According to the World Economic Forum’s Global Gender Gap Report 2022, which tracks progress on relative gaps between women and men on economic participation, educational attainment, health, and political empowerment, Canada ranked 25th out of the 146 countries tracked. Based on current trends, the report predicts that the overall global gender gap could be closed in 132 years.
If education has been an historical factor, has women’s increased educational attainment helped to narrow the gap?
Women’s increased educational attainment has been one of the key factors contributing to the reduction in the gender wage gap. Statistics Canada research found that from 1998-2018, the relative increase in women’s educational attainment accounted for 12.7% of the decrease in the median annual gender wage gap that occurred over that period.
In comparing the earnings of male and female graduates after graduation, research suggests that the gender gap was smaller at higher levels of education (except for those with Master’s degrees).
For 2015 post-secondary graduates, two years after graduation, the difference in median annual earnings between men and women ranged from 3% for those with a professional degree ($84,800 for men versus $82,100 for women) to 22% among graduates with a career, technical, or professional training certificate ($36,300 for men, compared with $28,200 for women).
For all qualifications (with the exception of doctoral degrees), the gap in earnings between women and men widened between two and five years after graduation.
By 2019, or five years after graduation, the median annual gap between men and women’s salaries ranged from 10% for those with a doctoral degree to 30% for those with a career, technical, or professional training certificate.
The largest increase of the gender wage gap is experienced by graduates with professional degrees as the gap jumps from 3% at two years post-graduation to 12% at five years post-graduation.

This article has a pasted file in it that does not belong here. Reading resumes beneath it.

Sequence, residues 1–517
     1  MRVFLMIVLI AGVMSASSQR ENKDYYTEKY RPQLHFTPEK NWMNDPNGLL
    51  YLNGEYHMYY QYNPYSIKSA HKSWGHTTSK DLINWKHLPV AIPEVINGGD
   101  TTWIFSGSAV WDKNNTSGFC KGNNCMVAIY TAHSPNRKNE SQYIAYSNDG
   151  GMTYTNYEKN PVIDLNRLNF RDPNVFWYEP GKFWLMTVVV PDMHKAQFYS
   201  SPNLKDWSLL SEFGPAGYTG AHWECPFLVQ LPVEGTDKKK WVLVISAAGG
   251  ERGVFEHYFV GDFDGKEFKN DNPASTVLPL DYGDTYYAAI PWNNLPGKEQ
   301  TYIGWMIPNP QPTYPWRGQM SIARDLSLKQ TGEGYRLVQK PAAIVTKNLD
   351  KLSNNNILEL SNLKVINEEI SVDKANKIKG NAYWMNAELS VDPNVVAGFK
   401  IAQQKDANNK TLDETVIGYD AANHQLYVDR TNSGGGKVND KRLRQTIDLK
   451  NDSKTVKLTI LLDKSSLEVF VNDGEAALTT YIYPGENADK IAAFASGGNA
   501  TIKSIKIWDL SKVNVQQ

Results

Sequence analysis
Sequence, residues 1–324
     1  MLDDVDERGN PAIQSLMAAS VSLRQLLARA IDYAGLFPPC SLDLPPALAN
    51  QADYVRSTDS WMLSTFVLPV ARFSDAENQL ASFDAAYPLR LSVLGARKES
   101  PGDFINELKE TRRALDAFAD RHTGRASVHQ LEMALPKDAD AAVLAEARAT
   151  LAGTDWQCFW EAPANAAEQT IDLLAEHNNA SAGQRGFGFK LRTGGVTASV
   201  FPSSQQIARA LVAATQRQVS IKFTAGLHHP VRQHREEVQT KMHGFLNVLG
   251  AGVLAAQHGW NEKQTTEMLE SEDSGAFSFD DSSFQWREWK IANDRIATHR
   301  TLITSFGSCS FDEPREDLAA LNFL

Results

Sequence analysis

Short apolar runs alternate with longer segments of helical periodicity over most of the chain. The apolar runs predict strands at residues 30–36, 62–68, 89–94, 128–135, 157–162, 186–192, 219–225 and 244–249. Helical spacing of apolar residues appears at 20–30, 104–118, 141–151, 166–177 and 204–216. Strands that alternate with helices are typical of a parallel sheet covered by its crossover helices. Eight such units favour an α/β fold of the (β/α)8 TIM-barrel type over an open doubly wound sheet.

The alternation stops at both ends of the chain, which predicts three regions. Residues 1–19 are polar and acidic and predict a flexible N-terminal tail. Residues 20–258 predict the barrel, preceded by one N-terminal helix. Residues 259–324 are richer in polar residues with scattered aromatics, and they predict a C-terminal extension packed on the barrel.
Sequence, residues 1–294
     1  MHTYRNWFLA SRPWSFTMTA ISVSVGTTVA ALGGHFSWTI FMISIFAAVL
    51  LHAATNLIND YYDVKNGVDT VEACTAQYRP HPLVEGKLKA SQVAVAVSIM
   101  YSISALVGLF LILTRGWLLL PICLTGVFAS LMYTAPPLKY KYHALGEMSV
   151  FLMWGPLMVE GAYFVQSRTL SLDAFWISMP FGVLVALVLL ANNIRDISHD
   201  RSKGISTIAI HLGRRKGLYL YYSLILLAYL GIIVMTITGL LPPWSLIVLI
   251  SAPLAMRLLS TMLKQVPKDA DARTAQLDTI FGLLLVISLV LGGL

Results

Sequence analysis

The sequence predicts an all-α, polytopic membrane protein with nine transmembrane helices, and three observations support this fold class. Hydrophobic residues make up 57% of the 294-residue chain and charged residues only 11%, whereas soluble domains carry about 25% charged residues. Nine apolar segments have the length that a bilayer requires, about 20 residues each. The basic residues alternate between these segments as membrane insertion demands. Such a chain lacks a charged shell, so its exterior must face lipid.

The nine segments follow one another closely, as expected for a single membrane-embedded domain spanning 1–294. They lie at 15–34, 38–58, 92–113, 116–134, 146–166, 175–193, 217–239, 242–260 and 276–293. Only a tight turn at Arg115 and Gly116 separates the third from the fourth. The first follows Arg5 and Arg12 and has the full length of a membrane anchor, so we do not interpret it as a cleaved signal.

If occupational segregation has been an historical factor, have changing career choices helped to narrow the gap?
Changes in the distribution of men and women across occupations has also been one of the key factors contributing to the reduction of the gender wage gap, as women have increased their representation in higher-earning occupations.
The occupations with the largest gains in closing the gender wage gap over the last decade in Ontario are: natural resources, agriculture and related production occupations (by ten per cent); management occupations (by nine per cent); and occupations in manufacturing and utilities (by six per cent).
From 2010-2022, the gender wage gap widened by four per cent in natural and applied sciences and related occupations; and by two per cent in occupations in education, law and social, community and government services.
As of 2022, the gender wage gap was the largest in trades, transport and equipment operators and related occupations ($0.78 for every dollar earned hourly by men). The gender wage gap was smallest in health occupations ($0.99 for every dollar earned hourly by men).